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How to Make a Better CAR T Cell Therapy in Multiple Myeloma: Sleeping Beauty
Posted: May 14, 2019
How to Make a Better CAR T Cell Therapy in Multiple Myeloma: Sleeping Beauty image

There is hope and promise around CAR T cell therapy for multiple myeloma patients. At the same time that the first early CAR T trials are beginning to publish data results, new methods of manufacturing are being developed to make CAR T therapy more effective, easier to produce and less expensive. Some CAR T companies such as Gilead are building new plants (in Amsterdam) to shorten turnaround times. Novartis is expanding its manufacturing by an acquisition of the French company CellforCure. The manufacturing process is new for pharma companies, who are used to producing large volumes of drugs with established distribution. 

With this completely personalized therapy, immune cells are removed from the patient, engineered to hit a target on the myeloma cells, grown up the lab and re-infused for the patient. The typical method is to use a virus as part of the manufacturing process. The average time for production (for the Yescarta product, for example) is about 17 days (but research shows that a shorter delivery time has more impact on the disease). In a recent article, David Connoly, vice president of corporate communications and investor relations at Ziopharm Oncology said: 

“These viral-vector-based approaches are running into problems to maintain product integrity and at scale to benefit the lives of patients with leukemias and lymphomas.” 

Non-viral approaches are now being used to make CAR T therapy. A 20 year old method called Sleeping Beauty is a gene transfer vector that integrates genetic information effectively, safely and economically. These DNA plasmids are cheaper than the lentivirus models used in viral-based CAR T cell manufacturing. They can modify T cells "on the spot" without needing to grow up in a production facility. This would reduce production time down to 2-5 days. 

According to Dr. Michael Hudecek of the University of Würzburg in Germany: 

"Indeed, significant efforts have been devoted to engineer novel tools that (i) achieve high-level stable gene transfer at low toxicity to the host cell; (ii) induce low levels of genotoxicity and possess a `safe' integration profile with a high proportion of integrations into safe genomic locations; and (iii) are associated with acceptable cost per treatment, and scalable/exportable vector production to serve large numbers of patients. Two decades after the discovery of the Sleeping Beauty (SB) transposon, it has been transformed into a vector system that is fulfilling these requirements."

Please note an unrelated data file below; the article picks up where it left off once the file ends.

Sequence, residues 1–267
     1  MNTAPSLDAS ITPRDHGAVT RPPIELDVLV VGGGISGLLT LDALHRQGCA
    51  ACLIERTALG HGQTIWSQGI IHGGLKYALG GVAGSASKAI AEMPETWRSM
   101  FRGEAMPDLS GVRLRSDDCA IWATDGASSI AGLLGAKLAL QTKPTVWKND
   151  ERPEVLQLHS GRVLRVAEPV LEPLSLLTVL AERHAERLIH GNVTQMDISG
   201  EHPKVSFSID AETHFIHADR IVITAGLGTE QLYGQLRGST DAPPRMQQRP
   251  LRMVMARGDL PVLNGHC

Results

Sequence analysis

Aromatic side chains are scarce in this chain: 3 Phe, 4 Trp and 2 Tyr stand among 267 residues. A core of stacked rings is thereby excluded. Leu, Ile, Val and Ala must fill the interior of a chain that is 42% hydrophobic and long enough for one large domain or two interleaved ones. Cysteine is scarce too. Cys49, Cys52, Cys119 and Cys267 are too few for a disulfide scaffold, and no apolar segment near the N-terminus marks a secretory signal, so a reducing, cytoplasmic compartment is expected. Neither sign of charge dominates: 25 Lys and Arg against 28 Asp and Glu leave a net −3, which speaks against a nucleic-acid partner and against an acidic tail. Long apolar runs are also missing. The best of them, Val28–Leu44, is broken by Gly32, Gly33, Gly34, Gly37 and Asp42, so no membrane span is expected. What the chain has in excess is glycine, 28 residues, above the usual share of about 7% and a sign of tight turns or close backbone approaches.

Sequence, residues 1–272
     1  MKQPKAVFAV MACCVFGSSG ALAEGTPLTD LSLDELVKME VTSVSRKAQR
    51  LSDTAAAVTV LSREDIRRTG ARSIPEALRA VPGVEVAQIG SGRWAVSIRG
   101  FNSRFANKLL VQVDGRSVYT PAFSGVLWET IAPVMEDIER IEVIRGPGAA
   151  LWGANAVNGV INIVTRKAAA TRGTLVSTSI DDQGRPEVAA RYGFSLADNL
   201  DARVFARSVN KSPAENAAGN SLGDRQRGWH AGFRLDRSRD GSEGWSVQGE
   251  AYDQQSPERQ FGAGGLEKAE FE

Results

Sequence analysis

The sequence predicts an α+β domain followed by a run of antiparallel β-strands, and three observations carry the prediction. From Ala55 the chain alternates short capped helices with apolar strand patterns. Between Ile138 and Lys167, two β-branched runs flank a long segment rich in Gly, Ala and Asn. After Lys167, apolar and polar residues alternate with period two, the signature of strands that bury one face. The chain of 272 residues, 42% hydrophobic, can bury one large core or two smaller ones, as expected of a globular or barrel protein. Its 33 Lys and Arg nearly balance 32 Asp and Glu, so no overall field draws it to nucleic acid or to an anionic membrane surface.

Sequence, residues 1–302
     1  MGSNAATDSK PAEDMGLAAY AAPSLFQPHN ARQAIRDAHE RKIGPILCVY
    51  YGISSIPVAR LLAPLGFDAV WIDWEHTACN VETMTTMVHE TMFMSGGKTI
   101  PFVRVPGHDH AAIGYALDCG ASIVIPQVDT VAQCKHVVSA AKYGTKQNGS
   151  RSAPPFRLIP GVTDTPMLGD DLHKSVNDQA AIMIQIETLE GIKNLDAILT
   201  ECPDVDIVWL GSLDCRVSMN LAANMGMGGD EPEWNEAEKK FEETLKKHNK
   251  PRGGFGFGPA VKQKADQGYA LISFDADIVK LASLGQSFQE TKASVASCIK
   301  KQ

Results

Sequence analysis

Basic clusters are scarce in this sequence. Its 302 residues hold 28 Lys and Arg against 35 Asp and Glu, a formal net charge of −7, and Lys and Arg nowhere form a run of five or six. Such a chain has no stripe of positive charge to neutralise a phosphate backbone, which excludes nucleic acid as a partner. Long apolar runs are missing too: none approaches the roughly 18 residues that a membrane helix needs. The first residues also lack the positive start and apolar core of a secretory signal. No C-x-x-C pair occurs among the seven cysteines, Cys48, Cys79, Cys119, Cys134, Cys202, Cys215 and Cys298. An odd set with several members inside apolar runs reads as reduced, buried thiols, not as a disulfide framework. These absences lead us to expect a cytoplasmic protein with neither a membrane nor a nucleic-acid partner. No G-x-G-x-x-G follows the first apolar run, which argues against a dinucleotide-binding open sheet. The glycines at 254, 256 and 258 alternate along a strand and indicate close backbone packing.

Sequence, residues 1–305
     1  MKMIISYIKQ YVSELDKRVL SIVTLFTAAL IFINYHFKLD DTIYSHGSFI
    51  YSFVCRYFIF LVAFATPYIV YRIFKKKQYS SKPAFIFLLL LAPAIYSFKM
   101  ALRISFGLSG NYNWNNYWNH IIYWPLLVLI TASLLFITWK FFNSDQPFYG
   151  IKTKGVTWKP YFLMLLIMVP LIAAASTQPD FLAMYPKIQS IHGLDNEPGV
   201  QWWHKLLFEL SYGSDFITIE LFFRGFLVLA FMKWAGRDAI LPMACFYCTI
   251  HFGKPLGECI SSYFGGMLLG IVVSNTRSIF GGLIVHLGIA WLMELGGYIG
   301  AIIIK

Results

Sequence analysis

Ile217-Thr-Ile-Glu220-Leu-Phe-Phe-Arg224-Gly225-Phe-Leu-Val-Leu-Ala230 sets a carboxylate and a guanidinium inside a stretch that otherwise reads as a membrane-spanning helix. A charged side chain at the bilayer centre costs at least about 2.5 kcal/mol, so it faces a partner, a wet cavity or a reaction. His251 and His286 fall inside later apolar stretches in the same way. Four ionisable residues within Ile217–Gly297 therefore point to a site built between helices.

Dr. Hudecek is using the Sleeping Beauty method for CAR T development in the upcoming CARAMBA trial that will include multiple myeloma patients in 6 European countries. He is developing a CAR T targeting CS1. This research was funded by the first Myeloma Crowd Research Initiative. Dr. Hudecek says: 

The Sleeping Beauty system is a crown jewel for genetic engineering.  It is independent from virus and allows you to insert the genetic  information for a CAR into T cells in a smooth and gentle procedure. We believe that Sleeping Beauty is a key instrument for making CAR-T more accessible and affordable.

Ziopharm Oncoloogy is also using the Sleeping Beauty method for its CD-19 CAR T for leukemias and lymphomas. When they include IL-15 on the surface of the T cells , they believe it encourages T cells taken from the blood to be quickly reprogrammed and then returned to the body to target cancer in less than two days. This would reduce the number of cells needed for CAR T infusion, potentially reducing side effects as well. Also, it would eliminate the need for chemo used prior to the CAR T therapy which is typically used as "lymphodepletion." 

They plan to start a Phase I trial at MD Anderson later this year with CD19 CAR T cells produced in two days or less by gene transfer.

To learn more about Sleeping Beauty from its originator Dr. Zoltán Ivics, click here. 

The author Jennifer Ahlstrom

about the author
Jennifer Ahlstrom

Myeloma survivor, patient advocate, wife, mom of 6. Believer that patients can help accelerate a cure by weighing in and participating in clinical research. Founder of HealthTree Foundation (formerly Myeloma Crowd). 

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